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The Sun and Moon Have Come Together: The Fourth Way, the Counterculture, and Capitol Records

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Abstract

Formed in 1968, musical group The Fourth Way was among the first bands to merge rock, jazz, and non-Western musical approaches in a way that mirrored the mixed-race membership of the band—white New Zealander pianist Mike Nock, black American violinist Michael White, white American bassist Ron McClure, and black American drummer Eddie Marshall—a notable feature at the time. The band’s eponymous debut and their second release, a live recording titled The Sun and Moon Have Come Together, were recorded in the fall of 1969. Their final recording, Werwolf, was a live recording of their appearance in the 1970 Montreux Jazz Festival in Switzerland. However, with the exception of a small number of dates clustered around the band’s appearance in Montreux, The Fourth Way rarely performed outside of the San Francisco Bay Area, limiting their exposure.

Keywords

Spiritual Practice Popular Music Rock Musician Band Member Record Label 
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Notes

  1. 1.
    Theodore Roszak, The Making of a Counter Culture, (Berkeley and Los Angeles: University of California Press, 1995 [1968]), xxxiv.Google Scholar
  2. 2.
    Maureen Mahon, Right to Rock: The Black Rock Coalition and the Cultural Politics of Race (Durham: Duke University Press, 2004).CrossRefGoogle Scholar
  3. 3.
    An important work that held that jazz had developed a growing sophistication through an engagement with European art music was written by composer and writer Gunther Schuller, Early Jazz: Its Roots and Development (NY and London: Oxford University Press, 1968).Google Scholar
  4. For a defense of jazz as a black art form, see LeRoi Jones (Amiri Baraka), Blues People: Negro Music in White America (NY: William Morrow and Company, 1963).Google Scholar
  5. 4.
    For a considered view of the position of white criticism, see Marshall Stearns, The Story of Jazz (NY: Oxford University Press, 1956).Google Scholar
  6. For a polemical view of the situation in the late 1960s from a black perspective, see Amiri Baraka (writing as LeRoi Jones), Blues People (NY: William Morrow and Company, 1963).Google Scholar
  7. For a study of free jazz musicians, see David Such, Avant-garde Jazz Musicians: Performing “Out There” (Iowa City: University of Iowa Press, 1993)Google Scholar
  8. and Valerie Wilmer, As Serious as Your Life: John Coltrane and Beyond (London: Serpent’s Tail, 1992 [1977]).Google Scholar
  9. For a cogent study of the history of jazz discourse with regard to its status as art, see Paul Lopes, The Rise of a Jazz Art World (Cambridge: Cambridge University Press, 2002).CrossRefGoogle Scholar
  10. 6.
    Even when fusion became highly visible and commercially viable, the rock press had little interest in the music beyond Miles Davis’s Bitches Brew (Columbia Records, 1970) and the Mahavishnu Orchestra.Google Scholar
  11. 14.
    Besides Ellwood, see Ronald B. Flowers’s Religion in Strange Times: the 1960s and 1970s (Macon, GA: Mercer University Press, 1984).Google Scholar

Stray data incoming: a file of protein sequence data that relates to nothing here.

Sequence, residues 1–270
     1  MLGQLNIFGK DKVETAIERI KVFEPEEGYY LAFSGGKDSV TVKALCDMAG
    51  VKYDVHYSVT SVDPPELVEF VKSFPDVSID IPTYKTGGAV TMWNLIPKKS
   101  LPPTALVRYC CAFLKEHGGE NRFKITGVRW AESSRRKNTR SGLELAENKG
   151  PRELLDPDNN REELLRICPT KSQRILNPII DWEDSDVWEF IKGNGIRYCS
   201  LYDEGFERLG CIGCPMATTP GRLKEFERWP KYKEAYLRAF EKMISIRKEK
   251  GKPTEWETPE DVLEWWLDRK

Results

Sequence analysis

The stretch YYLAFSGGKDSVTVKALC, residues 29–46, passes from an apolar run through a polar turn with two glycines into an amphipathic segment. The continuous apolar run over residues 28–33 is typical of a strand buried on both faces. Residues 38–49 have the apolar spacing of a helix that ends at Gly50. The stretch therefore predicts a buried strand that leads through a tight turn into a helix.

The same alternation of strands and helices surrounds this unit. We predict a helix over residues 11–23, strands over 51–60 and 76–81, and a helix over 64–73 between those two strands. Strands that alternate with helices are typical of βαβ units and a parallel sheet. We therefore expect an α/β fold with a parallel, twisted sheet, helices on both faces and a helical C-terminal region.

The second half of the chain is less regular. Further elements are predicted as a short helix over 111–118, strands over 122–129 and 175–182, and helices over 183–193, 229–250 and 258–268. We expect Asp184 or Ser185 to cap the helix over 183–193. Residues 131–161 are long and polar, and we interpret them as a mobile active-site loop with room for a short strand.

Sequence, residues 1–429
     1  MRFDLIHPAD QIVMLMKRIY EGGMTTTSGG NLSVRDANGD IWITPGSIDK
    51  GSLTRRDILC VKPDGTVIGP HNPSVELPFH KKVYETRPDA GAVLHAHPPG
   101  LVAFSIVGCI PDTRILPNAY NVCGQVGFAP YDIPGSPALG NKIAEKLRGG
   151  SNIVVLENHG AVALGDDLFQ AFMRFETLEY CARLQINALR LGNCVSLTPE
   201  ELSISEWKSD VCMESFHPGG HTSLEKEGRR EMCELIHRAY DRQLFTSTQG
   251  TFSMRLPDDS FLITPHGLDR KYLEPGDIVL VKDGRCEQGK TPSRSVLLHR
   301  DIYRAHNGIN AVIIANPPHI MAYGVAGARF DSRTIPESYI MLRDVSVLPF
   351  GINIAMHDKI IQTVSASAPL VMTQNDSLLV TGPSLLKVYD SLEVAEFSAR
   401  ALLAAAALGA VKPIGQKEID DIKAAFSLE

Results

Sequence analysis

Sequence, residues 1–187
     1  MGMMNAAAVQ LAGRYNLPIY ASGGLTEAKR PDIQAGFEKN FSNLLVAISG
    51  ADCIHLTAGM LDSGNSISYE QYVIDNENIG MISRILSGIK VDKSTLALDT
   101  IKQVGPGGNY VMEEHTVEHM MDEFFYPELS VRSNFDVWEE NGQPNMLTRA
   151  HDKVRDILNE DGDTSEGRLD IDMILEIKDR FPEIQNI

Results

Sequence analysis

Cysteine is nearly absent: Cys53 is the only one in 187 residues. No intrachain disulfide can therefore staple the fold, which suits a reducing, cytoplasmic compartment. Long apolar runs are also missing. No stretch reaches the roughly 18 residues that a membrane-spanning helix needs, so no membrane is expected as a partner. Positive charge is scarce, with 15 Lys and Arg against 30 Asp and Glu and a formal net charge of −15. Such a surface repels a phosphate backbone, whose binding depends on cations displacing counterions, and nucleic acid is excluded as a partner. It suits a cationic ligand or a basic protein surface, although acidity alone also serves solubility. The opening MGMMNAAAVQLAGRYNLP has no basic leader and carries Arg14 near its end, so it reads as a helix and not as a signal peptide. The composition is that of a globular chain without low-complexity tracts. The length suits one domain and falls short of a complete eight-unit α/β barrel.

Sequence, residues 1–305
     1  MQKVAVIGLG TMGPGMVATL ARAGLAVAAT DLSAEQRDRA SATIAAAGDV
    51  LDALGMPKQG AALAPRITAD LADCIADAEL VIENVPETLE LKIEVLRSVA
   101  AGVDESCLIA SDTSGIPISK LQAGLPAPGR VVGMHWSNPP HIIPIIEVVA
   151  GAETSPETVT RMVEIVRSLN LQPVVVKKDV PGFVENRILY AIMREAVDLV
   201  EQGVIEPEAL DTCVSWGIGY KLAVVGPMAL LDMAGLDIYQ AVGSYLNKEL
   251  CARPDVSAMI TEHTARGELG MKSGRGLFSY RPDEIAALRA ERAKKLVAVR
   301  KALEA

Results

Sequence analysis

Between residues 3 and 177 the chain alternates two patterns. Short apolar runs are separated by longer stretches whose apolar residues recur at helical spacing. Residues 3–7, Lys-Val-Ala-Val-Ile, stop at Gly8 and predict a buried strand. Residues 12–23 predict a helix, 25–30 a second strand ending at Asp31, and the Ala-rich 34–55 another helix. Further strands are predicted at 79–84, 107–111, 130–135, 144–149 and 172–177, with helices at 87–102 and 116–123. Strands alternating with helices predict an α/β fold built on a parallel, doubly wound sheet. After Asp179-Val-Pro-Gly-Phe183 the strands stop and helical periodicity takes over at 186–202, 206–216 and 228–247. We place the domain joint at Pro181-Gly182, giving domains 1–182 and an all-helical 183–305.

12. 16.
    For a perspective from an ex-hippie “insider,” see Charles Perry’s The Haight-Ashbury: A History (New York: Wenner Books, 2005). While somewhat nostalgic in tone and skewed to Perry’s subjective experience of the years he covers, 1965–1968, the text is hampered somewhat by its dry litany of names and dates at the beginning. The text reveals a bit more about the sense of the times when Perry inserts his journal entries from 1967 in the middle of the text but, again, it is a highly subjective view.Google Scholar
  13. There is also Barry Miles’s Hippie (London: Sterling Press, 2005), an oversized “coffee table” book that is primarily a photo-documentary of the period. However, Miles does provide text that contextualizes the images and reports on the global nature of the movement rather than solely focusing on San Francisco.Google Scholar
  14. 17.
    For more on the impact of FM radio in the 1970s, see Richard Neer, FM: The Rise and Fall of Rock Radio (New York: Random House-Villard Press, 2001).Google Scholar
  15. For a broader survey of rock radio, see Marc Fisher, Something in the Air: Radio, Rock, and the Revolution That Shaped a Generation (New York: Random House, 2007).Google Scholar
  16. 18.
    Meehan, 113–114. For more on Bill Graham, see Bill Graham Presents: My Life inside Rock and Out (New York: Da Capo Press, 2004).Google Scholar
  17. 20.
    For a perhaps jaundiced view of the contradiction between revolutionary rhetoric and commercial interests that was inherent in the aspirations of rock musicians in this time period, see Peter Doggett, There’s a Riot Going On: Revolutionaries, Rock Stars, and the Rise and Fall of 1960s Counter-Culture (London and New York: Canongate Books US, 2009).Google Scholar
  18. 32.
    Angela Davis, Blues Legacies and Black Feminism: Getrude “Ma” Rainey, Bessie Smith, and Billie Holiday (New York: Random House-Vintage, 1998), xv.Google Scholar

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© Timothy Scott Brown and Andrew Lison 2014

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